When we understand this simple concept, we have taken the first step in understanding the tremendous mercy and grace with which our Lord has treated us. Understanding our own unworthiness should give us a heart filled with compassion for those who are as unworthy as we to receive the love of Christ, yet equally in need. 

Today, pray that we and our loved ones would grasp the vast difference between our unworthiness and Christ's great worth and be overwhelmed by the mercy and grace He has shown to us. 
The link to last night's post is here:

Monday, April 28, 2014

Tornado in Tupelo:report from the safe room

It was deadly silent a few minutes ago, but now we hear the blowing. It is insanely loud, and I don't really like this sound at all. 

It seems like half an eternity ago, but surely it was less, that I received an alert on my phone.  "Tornado warning in effect. Take shelter immediately."  I, who have never darkened the door of a storm shelter before, herded the four nurses here into the biohazard room.  I'm so very glad I did.

Now, I am enclosed in the safest place in our office building with four of our nurses. As we handed out blankets and settled ourselves on the floor, Cathy laughed and said, "We could sing Kumbaya..."  We all laughed with her, but there was already a song playing in my head. You might know it. 

"Jesus, Jesus, precious Jesus. How I've proved you o'er and o'er. Jesus, Jesus, precious Jesus. Oh for grace to trust you more."

I don't know who wrote it at the moment, but it has turned this little safe room into a sacred place. 

I can see deep concern on the faces of these nurses I have grown to love so dearly, and maybe there is also a little fear. For lack of anything better to do, I began to tell about another time when I wasn't quite safe. 

As I talked about that refining fire that I faced as a 21 year old girl on the border of Honduras and El Salvador, gunfire clearly audible around me, I explained that it was a defining moment in my life. I found there was solid rock inside me and I understood who I was at the deepest point. I do not have to be afraid because I know whose I am. Life is not about my stuff. I don't know what I said, or if it helped them, but it has helped to settle me.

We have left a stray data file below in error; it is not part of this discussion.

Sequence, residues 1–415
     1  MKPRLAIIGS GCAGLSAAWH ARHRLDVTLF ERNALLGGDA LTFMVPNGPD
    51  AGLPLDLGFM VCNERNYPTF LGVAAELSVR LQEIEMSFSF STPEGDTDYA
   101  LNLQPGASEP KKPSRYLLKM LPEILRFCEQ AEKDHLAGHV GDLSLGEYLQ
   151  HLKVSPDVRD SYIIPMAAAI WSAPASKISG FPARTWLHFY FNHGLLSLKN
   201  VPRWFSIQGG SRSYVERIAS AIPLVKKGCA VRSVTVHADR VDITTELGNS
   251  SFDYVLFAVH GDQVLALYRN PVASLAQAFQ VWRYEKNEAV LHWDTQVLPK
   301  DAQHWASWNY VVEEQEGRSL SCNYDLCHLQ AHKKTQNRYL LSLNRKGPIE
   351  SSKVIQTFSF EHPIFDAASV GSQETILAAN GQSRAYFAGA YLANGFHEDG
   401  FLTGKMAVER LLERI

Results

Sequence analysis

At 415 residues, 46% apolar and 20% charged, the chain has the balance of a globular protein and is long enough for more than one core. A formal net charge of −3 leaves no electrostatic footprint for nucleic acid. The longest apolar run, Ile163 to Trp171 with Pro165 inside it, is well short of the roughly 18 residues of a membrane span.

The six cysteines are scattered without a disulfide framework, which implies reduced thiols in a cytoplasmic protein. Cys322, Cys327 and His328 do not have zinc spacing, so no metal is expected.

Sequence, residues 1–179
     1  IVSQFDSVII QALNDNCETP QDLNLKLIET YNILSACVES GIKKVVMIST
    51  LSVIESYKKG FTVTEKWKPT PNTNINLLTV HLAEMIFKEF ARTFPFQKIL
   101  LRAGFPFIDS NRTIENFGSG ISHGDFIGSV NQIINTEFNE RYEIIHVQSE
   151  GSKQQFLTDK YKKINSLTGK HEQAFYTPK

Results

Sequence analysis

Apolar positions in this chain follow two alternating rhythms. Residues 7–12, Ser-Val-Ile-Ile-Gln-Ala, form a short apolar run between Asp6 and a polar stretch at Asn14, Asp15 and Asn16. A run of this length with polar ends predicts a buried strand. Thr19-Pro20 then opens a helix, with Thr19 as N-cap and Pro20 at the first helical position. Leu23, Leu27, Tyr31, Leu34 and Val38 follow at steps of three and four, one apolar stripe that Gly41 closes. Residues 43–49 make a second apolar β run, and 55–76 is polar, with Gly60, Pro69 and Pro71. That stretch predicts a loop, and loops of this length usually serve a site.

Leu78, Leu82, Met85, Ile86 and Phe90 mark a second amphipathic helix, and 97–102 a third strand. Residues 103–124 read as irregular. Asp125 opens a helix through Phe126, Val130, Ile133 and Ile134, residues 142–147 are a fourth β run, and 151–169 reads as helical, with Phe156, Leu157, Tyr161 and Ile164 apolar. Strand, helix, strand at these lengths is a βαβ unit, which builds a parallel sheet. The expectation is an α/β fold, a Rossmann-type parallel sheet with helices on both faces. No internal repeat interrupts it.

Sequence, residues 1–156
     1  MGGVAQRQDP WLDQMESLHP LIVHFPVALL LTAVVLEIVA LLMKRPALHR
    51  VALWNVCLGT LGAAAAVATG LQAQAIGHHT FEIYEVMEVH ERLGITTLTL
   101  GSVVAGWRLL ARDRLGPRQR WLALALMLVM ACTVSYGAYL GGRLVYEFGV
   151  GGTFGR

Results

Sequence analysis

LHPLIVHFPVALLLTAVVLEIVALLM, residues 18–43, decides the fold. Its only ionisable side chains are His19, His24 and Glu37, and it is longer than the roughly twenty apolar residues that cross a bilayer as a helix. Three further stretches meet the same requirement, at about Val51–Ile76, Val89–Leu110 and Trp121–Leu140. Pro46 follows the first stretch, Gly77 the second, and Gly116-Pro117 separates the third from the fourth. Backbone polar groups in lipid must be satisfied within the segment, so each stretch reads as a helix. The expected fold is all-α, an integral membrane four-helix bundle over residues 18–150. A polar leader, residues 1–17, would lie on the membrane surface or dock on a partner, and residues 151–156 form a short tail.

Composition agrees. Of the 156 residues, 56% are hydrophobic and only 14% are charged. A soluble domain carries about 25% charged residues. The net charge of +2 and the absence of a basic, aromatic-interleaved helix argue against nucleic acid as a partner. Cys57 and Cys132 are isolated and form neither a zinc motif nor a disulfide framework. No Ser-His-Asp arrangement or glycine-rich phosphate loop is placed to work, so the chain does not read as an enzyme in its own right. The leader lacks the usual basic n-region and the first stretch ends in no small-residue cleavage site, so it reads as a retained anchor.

We have laughed. We have prayed. We have text'd messages to those we love. We have taken phone calls from worried family members. I have started a blog post from our safe room. 

Just as I wrote a letter to my family with final words from that village so long ago, I stop to text my son something he can remember. Just in case. "I love you," I write. That's not enough. Just in case, I send another message. "I'm counting on you to be the man God created you to be."  I can't imagine what he thinks, but I do not know that we will leave this room alive. 

A few minutes ago, we heard an eerie knocking. I went to investigate and found the front door open and banging back and forth. It is as black as night outside.  The wind sucked the door out of my hand. It was a battle to close it, and I thought, "This is not good. Not good at all."  I've locked all but one door, and as I headed back to our makeshift shelter, I hoped that someone could find us if the tornado hit here. 

My sister has called to give up updates as she watches the weather reports. Her heart is broken as she recounts the path of the tornado through this big-hearted town. WTVA has sent their people to the safe room. They are in the path of the storm. They broadcast until the moment they didn't. Off the air. She doesn't know what has happened but that horridly loud sound, that deadly silence, the noise again make us think the worst. I'm afraid it is the worst. 
At last, we emerge, a little shakily as we stand on legs that have been folded long enough to be numb. Cars are driving. The air is clear and still. Limbs and leaves are everywhere, but we are unharmed. 

Safe. We are safe. What a lovely little word. I haven't appreciated it nearly enough, but I do now. There's another word I grew to love today. Spared. We were spared, and, though I have no idea what destruction the tornado has left behind, I know that being spared will make a lifetime of difference. 

(There is extensive destruction. Reports are only now coming out. Prayers are needed. We do not yet know about injuries and deaths.) 

What is your motivation? (Luke 7:2-4)

And a centurion's slave, who was highly regarded by him, was sick and about to die. When he heard about Jesus, he sent some Jewish elders asking Him to come and save the life of his slave. When they came to Jesus, they earnestly implored Him, saying, "He is worthy for You to grant this to him; (Luke 7:2-4 NASB)